The first time I met John Saddington, I was a guest observing the very first cohort of startups Peter had recruited to Greenville in 2012. At that time, I was still working in an agency and The Iron Yard wasn’t even born yet—the accelerator was still called “The Next Big Thing.” Seeing John mentor startups was fascinating. He’d experienced multiple exits as an entrepreneur, was fluent in multiple programming languages (in almost all of which he’d built successful apps) and somehow managed to have blogged every day for more than a decade, establishing him as an authority in all types of online publishing. Needless to say, I felt privileged to spend some time with him on that day. If you’d told me that I’d one day build a company with John, I’d have called you crazy.
Fast-forward more than three years and what seemed like a pipe-dream has become reality. When Peter, Mason and I made the decision to begin expanding The Iron Yard, we knew we needed to round out our team with someone who had experience growing companies in a variety of contexts—a seasoned entrepreneur who could jump in and add value no matter what they were working on. Most importantly, we knew we needed someone who cared about our mission of helping people as much as we did. John was made to order: on top of his extensive entrepreneurial experience, he held a masters degree in education and had often talked about figuring out the right way to pursue that passion. After a few phone calls and meetings, John joined our team at the dawn of 2014.
In many ways, The Iron Yard is what it is today because of John. From the very beginning, John spearheaded all of our content and social efforts, which he’s extremely adept at. But comparatively, that was a small glimpse of his role. I’ll never forget the months of living on airplanes, traveling to new markets with John to meet staff, students and employers. John and I built and executed marketing plans that we still use parts of today. John was (and is) the #1 advocate for our company culture. Sometimes I go back and look at the early drafts of the formal mission and values documents that we codified for the team. Defining those components of The Iron Yard was an incredibly important step in our journey. On every team call and in almost every team communication, John reminded our team of the mission—the reason behind the work we were doing.
As we grew and our hiring needs became more acute, John jumped in full-steam and built out our recruitment and hiring process. He tirelessly searched for and pursued Instructors and Campus Directors who believed in our mission and had the talent to execute it. In 2014, John took our company from 4 employees to over 40 employees with extremely low attrition, which is a monumental achievement by anyone’s standards. Most importantly, John’s commitment to our mission meant that even in periods of incredible growth, our culture was carefully protected every step of the way and employees at The Iron Yard maintained a palpable sense of purpose and camaraderie in the work they did.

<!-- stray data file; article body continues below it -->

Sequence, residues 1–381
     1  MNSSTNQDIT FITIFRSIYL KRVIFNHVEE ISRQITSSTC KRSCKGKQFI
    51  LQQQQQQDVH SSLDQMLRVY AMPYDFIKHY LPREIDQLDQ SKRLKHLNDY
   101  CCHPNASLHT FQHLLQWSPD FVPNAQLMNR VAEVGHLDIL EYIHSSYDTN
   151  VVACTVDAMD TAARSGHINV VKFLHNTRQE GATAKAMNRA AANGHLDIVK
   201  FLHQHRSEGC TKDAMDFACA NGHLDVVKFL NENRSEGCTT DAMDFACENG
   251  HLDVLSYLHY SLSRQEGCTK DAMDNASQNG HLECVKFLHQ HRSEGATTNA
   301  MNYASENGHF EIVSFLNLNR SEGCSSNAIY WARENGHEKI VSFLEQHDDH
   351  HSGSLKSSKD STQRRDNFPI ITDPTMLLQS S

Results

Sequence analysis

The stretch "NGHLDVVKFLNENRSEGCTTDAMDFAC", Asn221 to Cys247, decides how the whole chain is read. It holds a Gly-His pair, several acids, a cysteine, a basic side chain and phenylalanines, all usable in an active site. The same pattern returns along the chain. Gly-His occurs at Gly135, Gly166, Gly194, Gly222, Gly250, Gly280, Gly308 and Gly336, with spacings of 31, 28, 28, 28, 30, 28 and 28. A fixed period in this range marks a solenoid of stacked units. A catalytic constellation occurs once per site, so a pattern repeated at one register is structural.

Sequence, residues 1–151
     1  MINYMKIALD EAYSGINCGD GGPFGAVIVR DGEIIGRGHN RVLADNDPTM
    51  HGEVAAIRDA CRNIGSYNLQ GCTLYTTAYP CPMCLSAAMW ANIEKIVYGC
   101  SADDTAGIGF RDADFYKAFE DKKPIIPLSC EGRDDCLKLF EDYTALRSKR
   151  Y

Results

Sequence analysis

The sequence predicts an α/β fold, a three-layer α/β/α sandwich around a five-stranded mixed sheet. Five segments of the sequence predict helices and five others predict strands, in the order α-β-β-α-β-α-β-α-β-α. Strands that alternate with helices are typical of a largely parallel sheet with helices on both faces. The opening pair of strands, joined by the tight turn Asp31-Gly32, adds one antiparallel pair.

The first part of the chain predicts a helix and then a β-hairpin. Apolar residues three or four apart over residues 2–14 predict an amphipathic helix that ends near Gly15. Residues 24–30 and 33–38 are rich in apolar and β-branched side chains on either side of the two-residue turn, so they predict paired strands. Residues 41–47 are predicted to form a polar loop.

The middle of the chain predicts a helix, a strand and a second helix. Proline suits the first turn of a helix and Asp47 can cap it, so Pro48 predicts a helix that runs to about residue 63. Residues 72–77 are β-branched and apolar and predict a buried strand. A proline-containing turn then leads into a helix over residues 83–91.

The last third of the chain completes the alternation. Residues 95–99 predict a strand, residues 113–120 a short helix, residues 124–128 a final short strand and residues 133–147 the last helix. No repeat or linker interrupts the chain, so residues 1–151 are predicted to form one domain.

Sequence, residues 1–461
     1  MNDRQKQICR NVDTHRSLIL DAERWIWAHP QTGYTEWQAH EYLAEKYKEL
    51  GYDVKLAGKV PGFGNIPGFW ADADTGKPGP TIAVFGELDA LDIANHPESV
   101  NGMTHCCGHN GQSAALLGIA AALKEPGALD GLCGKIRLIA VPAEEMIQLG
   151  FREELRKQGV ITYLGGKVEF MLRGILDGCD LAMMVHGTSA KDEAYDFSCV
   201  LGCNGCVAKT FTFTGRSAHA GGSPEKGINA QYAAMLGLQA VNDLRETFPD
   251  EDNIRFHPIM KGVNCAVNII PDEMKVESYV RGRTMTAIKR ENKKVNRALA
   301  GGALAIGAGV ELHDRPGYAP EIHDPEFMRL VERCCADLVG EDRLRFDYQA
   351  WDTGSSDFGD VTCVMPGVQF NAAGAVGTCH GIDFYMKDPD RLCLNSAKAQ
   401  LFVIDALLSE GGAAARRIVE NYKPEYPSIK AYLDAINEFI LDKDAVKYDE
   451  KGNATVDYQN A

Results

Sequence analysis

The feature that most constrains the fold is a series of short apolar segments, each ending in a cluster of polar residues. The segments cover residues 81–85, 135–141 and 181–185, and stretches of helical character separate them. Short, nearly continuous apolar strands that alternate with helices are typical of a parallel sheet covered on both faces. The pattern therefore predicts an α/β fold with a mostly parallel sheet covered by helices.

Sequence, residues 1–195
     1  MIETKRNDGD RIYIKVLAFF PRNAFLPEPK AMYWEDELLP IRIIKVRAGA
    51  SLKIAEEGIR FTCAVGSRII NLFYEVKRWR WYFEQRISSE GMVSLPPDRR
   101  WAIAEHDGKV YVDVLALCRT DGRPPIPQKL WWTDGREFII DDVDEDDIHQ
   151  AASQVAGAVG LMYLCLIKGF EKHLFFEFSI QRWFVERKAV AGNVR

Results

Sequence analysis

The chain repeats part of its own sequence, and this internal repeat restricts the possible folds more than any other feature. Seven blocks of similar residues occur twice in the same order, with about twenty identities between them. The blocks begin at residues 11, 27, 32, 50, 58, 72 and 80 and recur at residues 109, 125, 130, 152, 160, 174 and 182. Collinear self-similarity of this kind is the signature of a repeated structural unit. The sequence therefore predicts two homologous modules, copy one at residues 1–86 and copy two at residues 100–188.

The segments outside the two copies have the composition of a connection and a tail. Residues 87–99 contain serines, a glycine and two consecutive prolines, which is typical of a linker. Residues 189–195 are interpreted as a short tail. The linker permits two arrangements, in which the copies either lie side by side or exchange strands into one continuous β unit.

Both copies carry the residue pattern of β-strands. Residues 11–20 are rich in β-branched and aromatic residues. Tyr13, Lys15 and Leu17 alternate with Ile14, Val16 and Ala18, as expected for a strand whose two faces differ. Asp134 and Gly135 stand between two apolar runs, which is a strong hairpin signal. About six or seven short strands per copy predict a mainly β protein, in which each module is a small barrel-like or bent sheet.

— ericdodds (@ericdodds) December 3, 2014
As much as John did for the company, his impact on my life personally is what will always stick with me. As a new entrepreneur, I had a lot of lessons to learn and John gently guided me through The Iron Yard’s growth, helping me avoid many pitfalls he’d seen along the way in his own ventures and at other companies. He taught me how to keep my priorities straight and stay physically healthy during life on the road. John’s encouragement has matured me as a writer and I still hear his voice today when I’m staring at a blank screen trying to type out what’s in my head. Beyond work, though, I felt genuinely cared for by John—and still do. It’s easy to ask how work is going, but he always started our conversations asking about life and my family. In fact, he messaged me just last evening asking those same things.
As The Iron Yard has grown from a startup into a maturing mid-size company, the partners have constantly evaluated our roles and they have changed a good bit, especially as of late. As John looked at his role and conversed with us as a team, the possibility of him moving on came up, which was as strange as it was natural, a rare combination among partners in a fast-growing company. John said it best: “It wasn’t anything complex and it wasn’t a terribly difficult decision – the organization and business had changed and her needs were just different.”
It’s hard to describe what a bittersweet experience this was—seeing someone follow their passion and skill to start a new adventure is incredible, but not working daily with someone who played an integral role in your company and life is a significant change.
A few weeks ago, John wrote about his transition. He summed up his feelings this way:
With that, I just want to say “Thank you” to my partners and my team – what a ride, what a gift, and what an opportunity to work on something that really matters. I’m going to cherish the time that I’ve had with all of you for the rest of my life.
I feel the exact same way. We want to say “thank you” to you, John. You’ll always be part of The Iron Yard family and the work you did building this company lives on.